CSA confident of seeing off legal challenge to new T20 league

Owners of a team from the now defunct Global T20 League want in on the new competition

Cricket South Africa is confident of seeing off a legal challenge aimed at stalling the progression of their new T20 competition from at least one owner of the abandoned Global T20 League (GLT20). Hermis Sports Ventures Limited, the owners of Pretoria Mavericks, has written to CSA asking for a “reasonable opportunity,” to submit an application to acquire a franchise in the new tournament, failing which they will consider applying to the courts to issue an interdict to stop the games from going ahead. At the same time, Hermis is also suing CSA for US$ 515,627.91 in damages from the failed GLT20 despite being refunded their deposit of $250,000 with interest.

CSA has already concluded agreements and announced the six owners of the new T20 league, all of whom are from the IPL. However, Hermis claims that CSA “invited certain selected parties to bid for ownership of the teams,” and that opportunities to bid were not “widely available.” Hermis issued CSA with a notice of their intention to take legal action on Wednesday and asked for a response by Friday. ESPNcricinfo understands CSA intends to defend any allegations made by Hermis. Sources close to the board believe the case is without merit.

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Hermis’ claim is based on a letter written by former CSA CEO Thabang Moroe to the eight owners of the GLT20 franchises in August 2018. At the time, Moroe was explaining board’s decision to abandon the idea of private ownership of franchise teams and move the league in-house to what became the Mzansi Super League. He cited “commercial reasons,” for the decision but said that CSA may explore the possibility of private owners in future, at which point the GLT20 owners could put themselves forward again.

“In such event, we confirm that each of you, as the previous owners, will be given an opportunity, on a first right of refusal basis, to acquire ownership (or part ownership depending on how much team equity is made available for private ownership) of your previous teams,” the letter read. “Needless to say, this first right of refusal is not unconditional but is subject to such conditions as CSA and/or the special purpose vehicle which has been incorporated to manage the league (“SPV”) will, given the dictates of the financial model then in place, our procurement policy and other relevant considerations, determine. These conditions will be communicated at the time that the model is adapted to allow for private team ownership, should that materialise.”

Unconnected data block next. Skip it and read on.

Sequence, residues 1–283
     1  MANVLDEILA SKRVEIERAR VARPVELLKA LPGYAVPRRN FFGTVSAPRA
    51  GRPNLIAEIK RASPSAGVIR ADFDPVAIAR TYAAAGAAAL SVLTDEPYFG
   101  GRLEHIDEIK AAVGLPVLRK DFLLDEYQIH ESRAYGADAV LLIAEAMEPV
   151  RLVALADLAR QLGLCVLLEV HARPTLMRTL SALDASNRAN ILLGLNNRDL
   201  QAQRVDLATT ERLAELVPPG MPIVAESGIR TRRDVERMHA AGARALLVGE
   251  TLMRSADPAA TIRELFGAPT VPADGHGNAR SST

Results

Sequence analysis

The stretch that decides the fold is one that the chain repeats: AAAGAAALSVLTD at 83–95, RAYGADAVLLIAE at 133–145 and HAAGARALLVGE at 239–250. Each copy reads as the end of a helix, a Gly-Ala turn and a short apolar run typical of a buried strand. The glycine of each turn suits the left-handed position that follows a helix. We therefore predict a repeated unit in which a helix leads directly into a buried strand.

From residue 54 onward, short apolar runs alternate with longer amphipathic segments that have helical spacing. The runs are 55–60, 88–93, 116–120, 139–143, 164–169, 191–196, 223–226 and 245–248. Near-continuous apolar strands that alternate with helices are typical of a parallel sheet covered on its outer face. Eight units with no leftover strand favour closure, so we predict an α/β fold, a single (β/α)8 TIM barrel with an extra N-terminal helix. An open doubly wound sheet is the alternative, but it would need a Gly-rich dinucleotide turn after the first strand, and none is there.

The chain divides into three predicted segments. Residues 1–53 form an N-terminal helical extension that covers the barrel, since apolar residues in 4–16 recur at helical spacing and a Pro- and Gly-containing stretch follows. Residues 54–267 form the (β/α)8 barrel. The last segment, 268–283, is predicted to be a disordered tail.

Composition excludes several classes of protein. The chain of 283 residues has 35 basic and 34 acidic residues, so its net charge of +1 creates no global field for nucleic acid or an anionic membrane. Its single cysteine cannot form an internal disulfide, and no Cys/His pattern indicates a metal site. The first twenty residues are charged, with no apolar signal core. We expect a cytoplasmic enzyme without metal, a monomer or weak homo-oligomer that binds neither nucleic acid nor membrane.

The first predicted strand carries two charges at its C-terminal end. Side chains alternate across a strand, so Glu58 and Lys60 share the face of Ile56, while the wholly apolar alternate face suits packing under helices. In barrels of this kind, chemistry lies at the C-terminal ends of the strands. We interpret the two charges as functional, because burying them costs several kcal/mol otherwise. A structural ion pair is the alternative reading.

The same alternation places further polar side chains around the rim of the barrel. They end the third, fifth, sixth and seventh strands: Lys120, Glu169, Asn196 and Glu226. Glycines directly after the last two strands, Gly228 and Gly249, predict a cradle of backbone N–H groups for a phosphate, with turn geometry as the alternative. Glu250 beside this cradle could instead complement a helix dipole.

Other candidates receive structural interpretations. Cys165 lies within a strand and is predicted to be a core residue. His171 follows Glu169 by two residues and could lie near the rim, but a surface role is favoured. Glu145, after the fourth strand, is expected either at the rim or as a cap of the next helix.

While Hermis’ communication recognises the old owners right of refusal was not unconditional, they allege that CSA breached the previous agreement by not informing them of the new league or inviting them to bid for it. ESPNcricinfo understands that CSA approached some parties, including representatives of IPL teams such as Kolkata Knight Riders (who owned a team in the GLT20 and now own a team in the UAE T20 league, which will be played at the same time in January 2023), but also received unsolicited bids from various business people. This includes South African entrepreneur and former player Terence Lazard and Osman Osman, a part-owner in the Mavericks’ franchise. In total, CSA announced that they received 29 expressions of interest and it is understood that the IPL owners outbid their competitors by a distance.

A further complication to Hermis’ challenge is that the new league is not being run by CSA alone but by a newly-formed entity named Africa Cricket Development (PTY) Limited (ACD). CSA is the majority stakeholder in this company, with 50%, while broadcaster Supersport has a 30% share and former IPL COO Sundar Raman, the remaining 20%. Any legal claim against the new league would thus have to be a claim against the new company, and not CSA.

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